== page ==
On a mild early-spring morning in a very small corner of one of the three very big Hollywood soundstages that house Chicago Hope, Adam Arkin and Mandy Patinkin are, once again, getting on each other’s nerves. Patinkin is clowning around, literally: For reasons too distracting to mention in an opening paragraph, his face is masked with clown-white makeup. He’s wearing a red ball on his nose. And he’s urging Arkin to catch the wacky spirit.
Arkin, in more businesslike attire, has little patience for Patinkin’s manic enthusiasms. Although he has often served as a sounding board for his voluble partner, Arkin appears to be worn out by the guy’s unrelenting intensity. The words fly faster and tenser; the air is acrid with annoyance. ”Cut!” calls director Arvin Brown. ”Well,” snaps Patinkin to Arkin, bringing his argument to its natural conclusion, ”f— you!”
The cast and crew crack up — for many reasons. There is, for starters, the clean thrill of the vulgar. There’s the verbalization of what one could easily imagine actors Arkin and Patinkin, as longtime friends and hospital colleagues Drs. Aaron Shutt and Jeffrey Geiger, actually saying to one another in a world freed from FCC regulations. There’s the memory that Patinkin — who was first among an ensemble cast of equals throughout the premiere season of Hope — really did display a kind of f— you attitude toward his colleagues and series creator David E. Kelley when he left eight episodes into the second season, citing exhaustion and a pressing need to spend more time with his family in New York (his presence in this episode is one of his infrequent guest appearances).
But at its most profound, Patinkin’s ad-lib retort resonates with the same tough attitude everyone involved with Chicago Hope has had to adopt to survive so much, so far, so well. Hobbled by the cocky, let’s-see-who-blinks initial decision of CBS to run the program on NBC-dominated Thursday night, opposite the equally new ER, Hope had to swallow the humiliation of losing precipitously (with much press fanfare) to that other medical drama. Since Hope was moved to Mondays at 10 p.m. in the middle of last season, it has attracted a large, loyal audience that finds Arkin as hunky as George Clooney, and it ranks 23rd for this season to date, holding its own against powerhouse Monday Night Football and regularly beating ABC’s Murder One. (For struggling CBS, that constitutes a huge, healthy hit.)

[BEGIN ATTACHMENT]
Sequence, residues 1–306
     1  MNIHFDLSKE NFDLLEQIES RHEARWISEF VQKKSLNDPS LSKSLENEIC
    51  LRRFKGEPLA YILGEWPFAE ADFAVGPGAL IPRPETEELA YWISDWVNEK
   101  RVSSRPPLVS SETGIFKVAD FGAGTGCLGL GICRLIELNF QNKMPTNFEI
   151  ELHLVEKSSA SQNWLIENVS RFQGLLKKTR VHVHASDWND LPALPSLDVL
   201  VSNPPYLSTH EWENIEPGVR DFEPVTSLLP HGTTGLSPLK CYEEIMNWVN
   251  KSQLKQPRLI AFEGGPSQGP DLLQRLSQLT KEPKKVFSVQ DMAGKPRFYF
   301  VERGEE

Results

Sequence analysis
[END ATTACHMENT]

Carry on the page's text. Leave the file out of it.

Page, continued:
The show has also survived producer turnover. Although Hope is the child of L.A. Law wizard and Picket Fences creator Kelley, ongoing creative supervision was gradually transferred from Kelley to executive producer John Tinker (St. Elsewhere), who came on board in November 1994. Envisioned as a large ensemble drama, the show and its cast have suffered morale slumps, first as Patinkin’s role expanded like yeast and later as energy was in danger of deflating after he decamped.
At the end of the second season, only three of the original pilot-episode cast members remain: Arkin, Hector Elizondo as hospital chief of staff Dr. Phillip Watters, and Roxanne Hart as charge nurse Camille Shutt. On the other hand, newer additions, especially Christine Lahti as cardiothoracic surgeon Kathryn Austin and Peter Berg as cowboy surgeon Billy Kronk, have palpably juiced up the show. Ensemble equality continues to be a tender subject — Hart, Thomas Gibson, Jayne Brook, Vondie Curtis-Hall, and, especially, late addition Jamey Sheridan are still impatient for their characters to have more to do. But as Chicago Hope concludes its second season, everyone involved enthusiastically professes new optimism — and freely picks at sores.